IN recent weeks, the Lokpal Bill has dominated public discourse. There seems to be a na├»ve belief that a strong Lokpal will root out all corruption. However, a law to establish a Lokpal is unlikely to be more effective than the existing laws to prohibit dowry or untouchability. To make a significant dent on the all-pervasive malaise of corruption, reforms will be needed at different levels of governance and in different sectors, particularly those prone to corruption.  One sector needing special attention is defence. John Githongo, Kenya’s former Permanent Secretary for governance, has called defence “the last refuge of grand corruption”. Fortunately, over the past few years, the defence sector in India has remained untainted by any major scandal. But the world over defence is rated as the most corruption-prone of all international businesses. According to Transparency International’s (T.I’s) Bribery Payers’ Index, defence has the dubious distinction of ranking among the top three most corrupt sectors, along with oil, construction and engineering.  A US Department of Commerce report asserts that the defence sector alone accounts for 50 per cent of all graft allegations. Experts estimate that bribes amount to nearly 15 percent of expenditure on arms acquisition. Hence, ministries of defence can never afford to be complacent. It is hardly surprising, therefore, that in his recent address to the top brass of the Army and Air Force, Defence Minister A.K. Antony had cautioned them about “the danger of falling prey to corrupt practices perpetrated by vested interests in the garb of aggressive marketing” and urged them to “stand guard with resolve against any such overtures”.  Corruption in defence hurts the nation’s vitals. It makes defence more costly and diverts scarce resources from development. Corrupt practices dramatically impact operational effectiveness and in turn the credibility of the defence forces.  Corruption scandals erode public trust, create insecurity and demoralise the armed forces.  National security is treated as sacrosanct. Why is then defence so corruption prone? Transparency International offers some answers. First, defence contracts are large, technically complex and extremely difficult to comprehend fully. Understanding technical specifications of highly sophisticated equipment like a modern-day multi-role aircraft can be a daunting task. Technical specifications are more specific in defence than in other sectors and hence vulnerable to manipulation. Second, defence contracts involve huge  sums of money with all their attendant risks. All transactions are carried out under a cloak of secrecy, on the ground of national security. However, secrecy works more in favour of companies and officials rather than public interest. Third, the task of developing technology-intensive weapon systems requires huge investment in research and development over a number of years. The arms export market is highly restrictive in nature. The supply side of the market is controlled by government and multilateral export regimes. On the demand side is generally the government or a government agency. The nature of the market is such that the equilibrium of demand and supply is hardly ever achieved. Most sellers are desperate to recover their huge investments and profiteer, whenever an opportunity arises. This desperation leads to unscrupulous practices. Fourth, the use of agents and middlemen in defence business is widespread; they flourish despite all types of bans. Agents act as the conduits for bribes. Information about agents is, therefore, treated as commercially sensitive. Fifth, because of the very nature of defence business, there are only a handful of suppliers. This situation leads to lack of competition. An analysis of the available data shows that more than 50 per cent purchases in defence are from a single source, making price discovery a complex task.  Finally, offsets, which are additional investments made by suppliers over and above their sales, are a large and unregulated area, which pose a special challenge in terms of transparency. Economists see offsets as highly problematic and inefficient. The World Trade Orgranisation has banned offsets in other sectors, but the practice of offsets in defence transactions is common. In India too, offsets are now a mandatory requirement in large contracts. Assessing a fair value of offsets from the preferred supplier is never easy.  Can an effective Lokpal make defence corruption-free? The answer is obviously no. But such an institution can help the process of investigation and prosecution of the corrupt. This has to be done in a manner that it does not hamper decision-making for defence procurements, which is already painfully slow. What can then be done to deal with corruption in defence? One major area needing reform is the formulation of technical specifications or ‘Qualitative Requirements’.  Either on account of inadequate technical knowledge and data or due to deliberate design, these are often worked out in such a manner that only a couple of vendors or sometimes just a single vendor can meet them. This practice virtually eliminates competition and renders price — negotiations an infructuous exercise.  Unless qualitative requirements are designed broadly, by specialists, with a view to consciously encouraging competition, defence transactions will remain vulnerable to corrupt practices. According to an International Monetary Fund paper on the subject, “The natural policy prescription to attack corruption in military spending/procurement should be to introduce competition and reduce patronage at the level of officials receiving bribes”.  This calls for greater transparency regarding defence requirements. Sharing of information regarding future defence requirements, however sanitized, is essential for providing prospective vendors leads for the future.  Defence budgets are often approved by parliaments without detailed scrutiny. Disclosure of costs and expenditures associated with defence purchases and stricter parliamentary oversight can help promote greater transparency. In the process of reforming procurement procedures, defence suppliers should be fully engaged through a consultative process. While agents and middlemen are banned in India, if in actual practice they continue to operate, it is better to disclose their identities, payments and terms of their contracts. Offsets should be subjected to rigorous standards and supervision. They should also be fully disclosed to enhance transparency and facilitate monitoring.  No one should be under an illusion that the Lokpal law alone can effectively fight corruption. Equally vital will be the role of systemic reforms which prevent opportunities and incentives for corruption.  The writer is Director-General, Institute for Defence Studies and Analyses, New Delhi.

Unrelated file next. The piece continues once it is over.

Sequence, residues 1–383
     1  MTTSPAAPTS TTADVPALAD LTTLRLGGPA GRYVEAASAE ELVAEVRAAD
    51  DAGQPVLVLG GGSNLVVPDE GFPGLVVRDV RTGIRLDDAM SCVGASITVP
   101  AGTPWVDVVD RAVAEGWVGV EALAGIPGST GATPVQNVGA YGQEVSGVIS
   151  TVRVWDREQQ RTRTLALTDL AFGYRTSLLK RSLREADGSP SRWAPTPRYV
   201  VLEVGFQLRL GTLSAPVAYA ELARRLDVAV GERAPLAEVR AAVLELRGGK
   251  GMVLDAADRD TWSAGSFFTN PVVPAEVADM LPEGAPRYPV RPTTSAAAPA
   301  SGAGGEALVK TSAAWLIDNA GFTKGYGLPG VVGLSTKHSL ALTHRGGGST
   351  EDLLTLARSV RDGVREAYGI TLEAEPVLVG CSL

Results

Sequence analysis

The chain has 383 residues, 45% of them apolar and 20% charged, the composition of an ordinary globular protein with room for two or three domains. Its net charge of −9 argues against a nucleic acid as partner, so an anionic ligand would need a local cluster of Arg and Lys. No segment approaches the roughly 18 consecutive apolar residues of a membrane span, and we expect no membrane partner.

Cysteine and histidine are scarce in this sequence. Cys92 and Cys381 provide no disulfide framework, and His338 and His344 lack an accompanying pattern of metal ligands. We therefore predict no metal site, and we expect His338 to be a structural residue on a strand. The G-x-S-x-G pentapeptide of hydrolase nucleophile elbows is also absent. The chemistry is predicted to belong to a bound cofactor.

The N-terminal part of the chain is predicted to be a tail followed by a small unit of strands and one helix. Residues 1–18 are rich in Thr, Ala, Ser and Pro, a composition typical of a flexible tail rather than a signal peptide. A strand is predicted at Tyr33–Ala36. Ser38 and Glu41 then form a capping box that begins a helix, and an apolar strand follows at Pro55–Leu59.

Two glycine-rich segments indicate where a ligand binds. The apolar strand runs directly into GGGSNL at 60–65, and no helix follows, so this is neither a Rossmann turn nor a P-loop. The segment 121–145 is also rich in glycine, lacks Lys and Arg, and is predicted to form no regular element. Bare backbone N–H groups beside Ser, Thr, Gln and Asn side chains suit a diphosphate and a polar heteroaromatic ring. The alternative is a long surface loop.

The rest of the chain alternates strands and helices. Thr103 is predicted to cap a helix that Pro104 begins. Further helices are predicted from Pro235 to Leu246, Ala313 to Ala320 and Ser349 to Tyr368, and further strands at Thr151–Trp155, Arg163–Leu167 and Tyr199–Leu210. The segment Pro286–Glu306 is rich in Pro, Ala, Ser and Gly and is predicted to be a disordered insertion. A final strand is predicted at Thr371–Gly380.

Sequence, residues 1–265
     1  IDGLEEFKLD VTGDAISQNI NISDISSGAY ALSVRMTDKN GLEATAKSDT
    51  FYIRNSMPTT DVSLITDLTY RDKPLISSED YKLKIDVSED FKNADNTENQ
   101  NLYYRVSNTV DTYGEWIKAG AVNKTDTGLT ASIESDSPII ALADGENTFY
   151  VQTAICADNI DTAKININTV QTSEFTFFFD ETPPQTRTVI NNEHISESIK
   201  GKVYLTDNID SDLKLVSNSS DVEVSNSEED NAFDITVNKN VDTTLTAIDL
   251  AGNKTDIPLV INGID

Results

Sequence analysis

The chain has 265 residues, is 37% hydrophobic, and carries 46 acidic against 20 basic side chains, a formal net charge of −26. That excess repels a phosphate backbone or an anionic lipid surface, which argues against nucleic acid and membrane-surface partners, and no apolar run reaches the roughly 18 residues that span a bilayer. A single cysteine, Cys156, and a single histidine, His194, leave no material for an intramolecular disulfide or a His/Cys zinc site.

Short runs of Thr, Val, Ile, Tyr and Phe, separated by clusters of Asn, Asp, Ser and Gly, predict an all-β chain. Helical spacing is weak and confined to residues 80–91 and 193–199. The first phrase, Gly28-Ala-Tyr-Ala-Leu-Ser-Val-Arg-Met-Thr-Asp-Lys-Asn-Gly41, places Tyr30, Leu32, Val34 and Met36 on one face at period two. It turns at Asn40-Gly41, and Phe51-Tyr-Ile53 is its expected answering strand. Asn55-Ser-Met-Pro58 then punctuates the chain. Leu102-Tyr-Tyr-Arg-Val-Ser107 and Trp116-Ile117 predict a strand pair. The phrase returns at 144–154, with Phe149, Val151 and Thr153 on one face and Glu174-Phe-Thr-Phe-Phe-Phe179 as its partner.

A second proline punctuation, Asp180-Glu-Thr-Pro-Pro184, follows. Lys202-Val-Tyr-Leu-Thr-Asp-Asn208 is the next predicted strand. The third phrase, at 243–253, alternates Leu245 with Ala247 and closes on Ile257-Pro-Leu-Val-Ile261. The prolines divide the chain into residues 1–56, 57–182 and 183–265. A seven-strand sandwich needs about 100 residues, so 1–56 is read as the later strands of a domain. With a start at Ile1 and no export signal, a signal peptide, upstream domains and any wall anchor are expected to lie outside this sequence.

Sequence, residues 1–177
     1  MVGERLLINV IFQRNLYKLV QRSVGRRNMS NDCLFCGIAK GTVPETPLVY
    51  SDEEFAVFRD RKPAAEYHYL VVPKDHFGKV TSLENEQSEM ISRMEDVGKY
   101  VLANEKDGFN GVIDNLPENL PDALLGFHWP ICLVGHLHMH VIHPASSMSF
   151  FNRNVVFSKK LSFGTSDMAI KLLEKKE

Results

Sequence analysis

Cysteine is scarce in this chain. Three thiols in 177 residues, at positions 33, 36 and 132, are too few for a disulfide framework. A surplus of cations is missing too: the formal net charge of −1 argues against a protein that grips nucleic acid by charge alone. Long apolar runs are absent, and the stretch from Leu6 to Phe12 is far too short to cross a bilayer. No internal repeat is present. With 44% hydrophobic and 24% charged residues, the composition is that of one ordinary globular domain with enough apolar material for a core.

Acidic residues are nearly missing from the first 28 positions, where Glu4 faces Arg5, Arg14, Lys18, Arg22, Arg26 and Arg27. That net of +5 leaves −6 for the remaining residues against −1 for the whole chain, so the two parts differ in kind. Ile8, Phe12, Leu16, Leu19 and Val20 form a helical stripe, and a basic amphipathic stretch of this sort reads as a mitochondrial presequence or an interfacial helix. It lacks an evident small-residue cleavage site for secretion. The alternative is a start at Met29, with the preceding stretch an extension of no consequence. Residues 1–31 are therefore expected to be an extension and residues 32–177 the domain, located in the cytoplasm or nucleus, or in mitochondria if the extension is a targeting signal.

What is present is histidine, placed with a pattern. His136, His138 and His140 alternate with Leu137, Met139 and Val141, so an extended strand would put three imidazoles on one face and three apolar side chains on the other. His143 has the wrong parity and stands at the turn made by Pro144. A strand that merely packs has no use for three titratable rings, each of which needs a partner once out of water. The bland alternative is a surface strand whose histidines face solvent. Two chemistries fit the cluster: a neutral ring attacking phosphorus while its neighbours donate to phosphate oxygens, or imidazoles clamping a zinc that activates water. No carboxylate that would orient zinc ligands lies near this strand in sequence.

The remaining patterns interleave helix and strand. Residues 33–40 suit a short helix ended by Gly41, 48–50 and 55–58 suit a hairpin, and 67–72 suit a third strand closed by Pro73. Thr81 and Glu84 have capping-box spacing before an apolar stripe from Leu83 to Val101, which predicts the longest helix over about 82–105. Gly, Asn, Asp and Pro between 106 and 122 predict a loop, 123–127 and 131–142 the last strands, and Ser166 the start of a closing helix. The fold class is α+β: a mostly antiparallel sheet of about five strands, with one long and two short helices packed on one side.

India, Pakistan agree to more LoC trade, travel*